Same Phony Fear, Different Decade:
On the Damaging Discourse Around Trans Rights
Gabrielle Bellot on the Shameful Debate on the Equality Act
In 1908, one day after Christmas—fittingly, on Boxing Day—two heavyweight boxers entered a ring in Sydney, Australia. One was Jack Johnson, a tall, toned black American from Texas; the other, who seemed tiny besides his opponent, was Tommy Burns, the Ontario-born World Heavyweight Champion. Despite how far across the Pacific they were from North America, both men knew that the outcome of their bout would surge across the United States and Canada like a tidal wave. People asked aloud if Negroes were vulnerable in the chest or had weaknesses white men didn’t. Yet it was Burns who appeared frail, dominated, at every turn, by Johnson.
So forceful were Johnson’s final punches that the police ordered the cameras shut off and declared Johnson the winner. Johnson—who had avoided body shots out of his fear that he would be disqualified for them, even if Burns would not be—was victorious, and, across America, people alternately cheered and cursed and shrieked, even, that the end of white people had come. (This sounds rather 2019, actually.) It was a striking symbol: in the era of Jim Crow, in the wake of the formation of the Ku Klux Klan, a black man had toppled a white one, fair and square—and not only that, but with an effortless flair.
Australia shared with America a colonial history inextricably intertwined with racism. Yet America remained a special case, so defined by its anti-blackness that it would be unimaginable without it. Blackface and minstrelsy, the then-most popular vaudevillian entertainments in America, existed around the world, yet they were so iconic in the United States that, for decades to come, blackface would be one of America’s most recognizable cultural images. This notion was cemented in Al Jolson’s performance in the seminal 1927 film, The Jazz Singer, wherein a white Jewish singer “becomes American” by singing jazz and wearing blackface on stage. Racism was not American; it was America.
Decades later, another controversy enveloped by bigotry roiled the world of American sports—only this time, it was over gender identity. It involved Renee Richards, a trans woman whose transition and desire to play in women’s tennis leagues engendered widespread debate. At over six feet and in her forties, she was a salient presence on the court when she attempted to play women’s tennis without having disclosed that she was trans—and, because she won matches, rumors quickly swirled around her, until all anyone could talk about was her gender. Instead of talking about her matches, people asked her, after matches, about her gender, if not her genitalia.
Women in sports already get disproportionately asked sexist questions about their appearance and relationships; Richards was probed, additionally, on whether or not she was even allowed to be a woman. She was “the source of international and national controversy,” one commentator said during a game. “The reason: is she male or is she female?” A number of cis women players protested and asked, with alarm, if transitioning would become a “trend.” Even the cis women who supported her transition vacillated when asked about tennis; to them, her womanhood was acceptable, except when she played sports.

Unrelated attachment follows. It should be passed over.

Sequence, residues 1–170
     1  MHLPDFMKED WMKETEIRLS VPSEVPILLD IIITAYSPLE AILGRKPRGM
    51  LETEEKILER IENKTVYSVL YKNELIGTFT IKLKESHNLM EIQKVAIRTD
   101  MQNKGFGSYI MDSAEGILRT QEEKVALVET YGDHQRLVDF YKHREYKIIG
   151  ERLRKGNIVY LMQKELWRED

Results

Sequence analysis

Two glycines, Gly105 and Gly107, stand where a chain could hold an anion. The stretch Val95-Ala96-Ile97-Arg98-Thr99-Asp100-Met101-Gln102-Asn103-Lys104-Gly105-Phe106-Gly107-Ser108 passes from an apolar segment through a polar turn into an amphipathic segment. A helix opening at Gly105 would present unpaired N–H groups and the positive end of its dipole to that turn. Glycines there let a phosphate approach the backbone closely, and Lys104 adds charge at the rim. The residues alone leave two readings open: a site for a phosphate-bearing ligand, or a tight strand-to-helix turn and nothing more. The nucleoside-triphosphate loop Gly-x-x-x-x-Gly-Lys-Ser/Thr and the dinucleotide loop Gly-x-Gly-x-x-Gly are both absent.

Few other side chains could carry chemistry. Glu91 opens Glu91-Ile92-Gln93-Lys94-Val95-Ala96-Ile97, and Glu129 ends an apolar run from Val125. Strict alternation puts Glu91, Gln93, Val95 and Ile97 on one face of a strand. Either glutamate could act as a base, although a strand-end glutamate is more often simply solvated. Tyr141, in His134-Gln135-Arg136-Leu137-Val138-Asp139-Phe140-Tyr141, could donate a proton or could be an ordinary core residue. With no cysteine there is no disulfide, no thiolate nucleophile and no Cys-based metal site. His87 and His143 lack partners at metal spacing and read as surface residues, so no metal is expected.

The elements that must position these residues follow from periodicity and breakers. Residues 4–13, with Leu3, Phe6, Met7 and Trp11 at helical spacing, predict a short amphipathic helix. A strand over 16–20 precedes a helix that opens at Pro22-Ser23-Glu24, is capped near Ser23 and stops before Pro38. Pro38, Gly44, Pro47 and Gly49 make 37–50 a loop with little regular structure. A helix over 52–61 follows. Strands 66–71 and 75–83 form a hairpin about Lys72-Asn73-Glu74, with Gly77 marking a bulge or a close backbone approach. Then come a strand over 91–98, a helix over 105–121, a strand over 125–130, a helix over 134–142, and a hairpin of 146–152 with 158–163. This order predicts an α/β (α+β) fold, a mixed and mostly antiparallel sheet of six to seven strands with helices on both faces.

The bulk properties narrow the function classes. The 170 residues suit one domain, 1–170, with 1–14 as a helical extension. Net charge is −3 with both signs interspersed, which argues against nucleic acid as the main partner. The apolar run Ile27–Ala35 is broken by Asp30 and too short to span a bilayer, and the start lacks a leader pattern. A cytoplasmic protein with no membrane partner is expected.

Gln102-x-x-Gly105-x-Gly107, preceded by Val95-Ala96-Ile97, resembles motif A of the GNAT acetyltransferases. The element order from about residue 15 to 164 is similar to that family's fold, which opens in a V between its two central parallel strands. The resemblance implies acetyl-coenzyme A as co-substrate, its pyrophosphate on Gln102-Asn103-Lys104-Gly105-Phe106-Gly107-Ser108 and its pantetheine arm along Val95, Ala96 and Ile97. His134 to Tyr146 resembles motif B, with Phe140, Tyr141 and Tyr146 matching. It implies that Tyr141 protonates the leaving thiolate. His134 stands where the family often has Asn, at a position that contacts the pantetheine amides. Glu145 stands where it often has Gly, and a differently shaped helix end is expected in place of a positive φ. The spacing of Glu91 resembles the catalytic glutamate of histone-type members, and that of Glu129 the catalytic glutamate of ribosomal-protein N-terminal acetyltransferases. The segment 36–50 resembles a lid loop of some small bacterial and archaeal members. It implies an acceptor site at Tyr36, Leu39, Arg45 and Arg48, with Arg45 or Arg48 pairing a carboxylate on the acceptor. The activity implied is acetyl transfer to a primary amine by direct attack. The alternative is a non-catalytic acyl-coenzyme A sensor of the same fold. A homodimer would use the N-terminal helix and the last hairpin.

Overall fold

In 1976, the United States Tennis Association declared that she could only compete if she could “scientifically” prove she was a woman through a chromosome test. These tests had gained cultural currency even before Richards, in the wake of absurd McCarthyist propagandizing about Communist countries “transforming” boys into girls to give them a “competitive edge” in Olympic sports. Eventually, the courts ruled that Richards was allowed to play as a woman—and though she was undeniably talented, she was never able to fully feel comfortable, simply because there were always people who said she only won matches because of what she had been assigned at birth, or that she was a weirdo pervert trying to steal her way into cis women’s spaces. It hurt. She had gotten what she dreamt of, only to be told her dreams were selfish, horrific. It was like being frozen in place, when all you yearn to do is run, knowing that you will be damned if you do and will damn yourself if you don’t. She lived under a cloud of transmisogyny—the special form of misogyny that includes transphobia.Being trans is not some fad, not some scheme, I have to reiterate far too often; at my unhappiest moments, it has felt like being a citizen of a shadow-country that does not exist.
It’s naïve to wholly equate Johnson and Richards’ struggles; Richards was white, and the weight of anti-blackness in America remains the heaviest albatross around its neck. Yet as someone trans and part-black, I find myself thinking about both of their stories, again. In particular, the prejudicial rhetoric in each strikes me: the assumption that both Johnson and Richards represented, in their own ways, the monstrous Other, the competitor who, should they become victorious, would open the floodgates to more like them winning matches (because win matches they would, these critics assumed). Critics talked about their proportions: Johnson was a giant compared to Burns, and Richards was often taller than her cis-women competitors. They were dangerous, the barbarians at the gate who had, unaccountably, challenged the monarch of that gated world to a fight—and, should they win, how would the world spin as before? What would they take next? Jobs? Homes? Cis white people’s privileges?